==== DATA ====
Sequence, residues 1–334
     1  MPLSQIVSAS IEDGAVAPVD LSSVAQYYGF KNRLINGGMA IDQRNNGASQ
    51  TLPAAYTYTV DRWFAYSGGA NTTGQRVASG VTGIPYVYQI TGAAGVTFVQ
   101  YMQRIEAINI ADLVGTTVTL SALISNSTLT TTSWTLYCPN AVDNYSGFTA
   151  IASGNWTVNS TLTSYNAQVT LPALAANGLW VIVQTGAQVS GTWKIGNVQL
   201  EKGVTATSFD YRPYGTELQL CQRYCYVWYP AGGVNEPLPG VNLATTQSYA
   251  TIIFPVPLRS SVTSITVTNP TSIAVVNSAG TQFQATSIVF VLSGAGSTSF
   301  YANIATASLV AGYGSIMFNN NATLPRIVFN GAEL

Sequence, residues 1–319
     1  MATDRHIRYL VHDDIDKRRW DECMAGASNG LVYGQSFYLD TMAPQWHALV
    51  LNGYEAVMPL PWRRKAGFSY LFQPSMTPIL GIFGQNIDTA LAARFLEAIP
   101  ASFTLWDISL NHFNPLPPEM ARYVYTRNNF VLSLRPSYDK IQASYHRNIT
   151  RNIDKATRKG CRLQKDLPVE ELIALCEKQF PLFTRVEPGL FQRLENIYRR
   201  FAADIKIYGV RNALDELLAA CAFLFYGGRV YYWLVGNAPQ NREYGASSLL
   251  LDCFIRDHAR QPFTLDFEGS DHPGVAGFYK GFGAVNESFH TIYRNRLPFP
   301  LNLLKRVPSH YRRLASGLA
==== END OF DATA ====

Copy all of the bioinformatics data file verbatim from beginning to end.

Sequence, residues 1–334
     1  MPLSQIVSAS IEDGAVAPVD LSSVAQYYGF KNRLINGGMA IDQRNNGASQ
    51  TLPAAYTYTV DRWFAYSGGA NTTGQRVASG VTGIPYVYQI TGAAGVTFVQ
   101  YMQRIEAINI ADLVGTTVTL SALISNSTLT TTSWTLYCPN AVDNYSGFTA
   151  IASGNWTVNS TLTSYNAQVT LPALAANGLW VIVQTGAQVS GTWKIGNVQL
   201  EKGVTATSFD YRPYGTELQL CQRYCYVWYP AGGVNEPLPG VNLATTQSYA
   251  TIIFPVPLRS SVTSITVTNP TSIAVVNSAG TQFQATSIVF VLSGAGSTSF
   301  YANIATASLV AGYGSIMFNN NATLPRIVFN GAEL

Sequence, residues 1–319
     1  MATDRHIRYL VHDDIDKRRW DECMAGASNG LVYGQSFYLD TMAPQWHALV
    51  LNGYEAVMPL PWRRKAGFSY LFQPSMTPIL GIFGQNIDTA LAARFLEAIP
   101  ASFTLWDISL NHFNPLPPEM ARYVYTRNNF VLSLRPSYDK IQASYHRNIT
   151  RNIDKATRKG CRLQKDLPVE ELIALCEKQF PLFTRVEPGL FQRLENIYRR
   201  FAADIKIYGV RNALDELLAA CAFLFYGGRV YYWLVGNAPQ NREYGASSLL
   251  LDCFIRDHAR QPFTLDFEGS DHPGVAGFYK GFGAVNESFH TIYRNRLPFP
   301  LNLLKRVPSH YRRLASGLA